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Dear Class of 2014, Here's some Advice on how to handle all the Advice

There are a lot of well-meaning advisers out there - everyone has something to tell you when you graduate. Bennett E. McClellan has a few tips on how to take it all in.
BY Bennett E. McClellan |   26-05-2014
Individuals experiencing graduation receive a lot of advice. Those board caps and graduation gowns attract advice givers. As a graduate, you can count on anyone older than you offering you sage advice from his or her vast life experiences. If you want a dousing in graduation advice, visit one of the online collections of commencement speeches. One can also buy books with advice aimed at the recently graduated. As a graduate, you are a prime target for those brimming with wisdom to share.

Here are some ideas for how to handle these graduation gifts (or any other advice you may receive in life).

First, take it in. That’s right. Listen to the advice-givers. Make your best effort to hear what each person wants you to know. Some people give advice only to hear themselves talk. Most people offer advice because they believe they have something of value to impart. Your uncles and aunties have lived with the advice others gave them. They have made mistakes they hope you will not make. Do yourself a favor. Hear them out. You might discover a gem.

Then, sort it out. The utility of advice is individualistic. Even assuming all the advice you receive is good advice; it might not be good advice for you. Context matters. Things that seem compelling in one person’s lived experience may hardly matter in another person’s life. Time moves on. Advice you cannot use today may become the thing you need in ten years. Parse the advice you receive into three buckets: advice you can use immediately, advice you might use at some time in the future, and advice you will not use. Capture it all.

Third, seize responsibility. It is time to give yourself the job of running the rest of your time. Become C.E.O. of Me. While other people (including your parents) may give you advice, you and you alone must live your life. Whether you move on to more school or into the job market, stop thinking about yourself as just a student. Take responsibility for crafting your own rules for living as an adult. The bigger the decisions you face, the more important it is for you to make those decisions personal. Gather advice from others. Make your own decisions.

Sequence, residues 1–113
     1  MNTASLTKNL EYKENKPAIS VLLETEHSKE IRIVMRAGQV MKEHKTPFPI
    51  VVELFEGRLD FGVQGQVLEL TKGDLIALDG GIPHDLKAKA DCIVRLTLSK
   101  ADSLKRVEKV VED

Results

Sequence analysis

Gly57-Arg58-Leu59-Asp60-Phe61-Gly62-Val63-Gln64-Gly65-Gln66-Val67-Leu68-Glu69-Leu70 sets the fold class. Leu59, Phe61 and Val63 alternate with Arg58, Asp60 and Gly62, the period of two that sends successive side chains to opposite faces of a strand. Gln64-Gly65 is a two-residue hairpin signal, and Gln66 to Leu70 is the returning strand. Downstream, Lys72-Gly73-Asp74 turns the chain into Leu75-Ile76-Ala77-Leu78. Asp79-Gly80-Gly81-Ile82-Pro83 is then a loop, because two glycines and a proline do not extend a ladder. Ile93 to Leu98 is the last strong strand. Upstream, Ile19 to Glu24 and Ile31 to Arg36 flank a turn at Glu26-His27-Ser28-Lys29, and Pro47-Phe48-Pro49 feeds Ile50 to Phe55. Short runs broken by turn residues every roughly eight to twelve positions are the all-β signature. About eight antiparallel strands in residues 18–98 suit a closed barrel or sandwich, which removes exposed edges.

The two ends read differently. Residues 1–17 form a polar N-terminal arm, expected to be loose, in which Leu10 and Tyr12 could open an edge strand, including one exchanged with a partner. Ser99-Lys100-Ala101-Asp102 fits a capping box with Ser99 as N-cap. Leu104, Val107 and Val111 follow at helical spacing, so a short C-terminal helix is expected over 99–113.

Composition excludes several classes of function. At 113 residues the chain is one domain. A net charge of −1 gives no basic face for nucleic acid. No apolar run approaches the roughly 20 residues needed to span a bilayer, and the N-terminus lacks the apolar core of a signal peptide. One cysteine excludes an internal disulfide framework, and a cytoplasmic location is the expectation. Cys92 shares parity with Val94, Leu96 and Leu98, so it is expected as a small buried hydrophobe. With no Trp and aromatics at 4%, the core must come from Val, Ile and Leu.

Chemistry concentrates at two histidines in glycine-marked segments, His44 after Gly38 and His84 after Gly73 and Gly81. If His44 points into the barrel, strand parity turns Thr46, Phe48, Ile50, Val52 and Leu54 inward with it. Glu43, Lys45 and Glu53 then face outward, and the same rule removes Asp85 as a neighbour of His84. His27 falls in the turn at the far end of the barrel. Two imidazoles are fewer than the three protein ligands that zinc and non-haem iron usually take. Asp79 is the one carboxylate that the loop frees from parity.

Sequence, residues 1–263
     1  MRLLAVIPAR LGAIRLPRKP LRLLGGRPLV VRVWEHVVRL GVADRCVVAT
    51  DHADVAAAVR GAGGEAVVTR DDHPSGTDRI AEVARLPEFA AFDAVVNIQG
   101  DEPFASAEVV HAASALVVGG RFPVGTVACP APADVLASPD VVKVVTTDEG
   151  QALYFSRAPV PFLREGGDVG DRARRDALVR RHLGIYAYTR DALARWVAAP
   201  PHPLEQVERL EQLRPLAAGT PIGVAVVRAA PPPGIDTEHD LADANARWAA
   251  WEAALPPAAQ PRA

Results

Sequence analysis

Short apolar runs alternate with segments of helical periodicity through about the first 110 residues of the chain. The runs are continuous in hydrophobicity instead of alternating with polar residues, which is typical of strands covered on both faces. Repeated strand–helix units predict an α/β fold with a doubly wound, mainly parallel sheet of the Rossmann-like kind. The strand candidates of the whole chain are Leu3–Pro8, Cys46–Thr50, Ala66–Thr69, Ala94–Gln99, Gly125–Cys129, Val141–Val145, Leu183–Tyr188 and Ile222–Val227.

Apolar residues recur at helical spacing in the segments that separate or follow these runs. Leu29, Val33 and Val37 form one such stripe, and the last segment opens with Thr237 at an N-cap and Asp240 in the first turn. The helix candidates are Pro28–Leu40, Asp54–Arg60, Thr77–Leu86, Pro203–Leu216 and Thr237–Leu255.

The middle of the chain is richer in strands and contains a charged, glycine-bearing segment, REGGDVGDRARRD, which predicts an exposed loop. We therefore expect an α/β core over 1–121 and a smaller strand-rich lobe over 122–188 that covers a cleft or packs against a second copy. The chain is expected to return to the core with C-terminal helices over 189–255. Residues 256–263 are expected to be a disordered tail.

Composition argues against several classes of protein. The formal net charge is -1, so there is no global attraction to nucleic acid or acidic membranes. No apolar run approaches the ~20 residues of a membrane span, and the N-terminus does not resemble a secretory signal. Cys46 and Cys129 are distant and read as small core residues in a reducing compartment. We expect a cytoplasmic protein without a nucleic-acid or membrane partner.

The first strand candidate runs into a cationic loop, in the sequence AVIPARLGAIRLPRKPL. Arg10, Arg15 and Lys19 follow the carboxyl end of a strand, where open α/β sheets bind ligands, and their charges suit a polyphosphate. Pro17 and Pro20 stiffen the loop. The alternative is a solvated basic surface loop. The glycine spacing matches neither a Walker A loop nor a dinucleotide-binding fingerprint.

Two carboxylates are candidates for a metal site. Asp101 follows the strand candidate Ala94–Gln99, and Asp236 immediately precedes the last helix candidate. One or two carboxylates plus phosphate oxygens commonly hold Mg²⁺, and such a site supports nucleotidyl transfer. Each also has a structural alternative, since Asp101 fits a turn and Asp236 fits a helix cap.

Fourth, motivate yourself. Once you make a decision, you must act on it. Decisions taken without commitment accomplish nothing. Get yourself into motion. Whether you act on the advice of others or whether you act on your own advice: act! Your life movie has already started shooting. Action!

Finally, focus on next. Keep your grand goals in sight while keeping the ground before you fully in view. Grand goals can only be accomplished by accomplishing mundane tasks. If you are on a journey of 10,000 miles, each step is a vital link in the sequence of steps that brings you closer to your goals. Keeping all the great advice you receive in mind, what is the next thing you need to do to keep you moving toward your goals? What is the next step? Do that today.
 

Bennett E. McClellan, Ph.D. is Professor and Vice Dean for Jindal Global University’s School of Liberal Arts & Humanities. Having accumulated no fewer than 5 university degrees, he has experienced the thrill of receiving graduation advice many times. 

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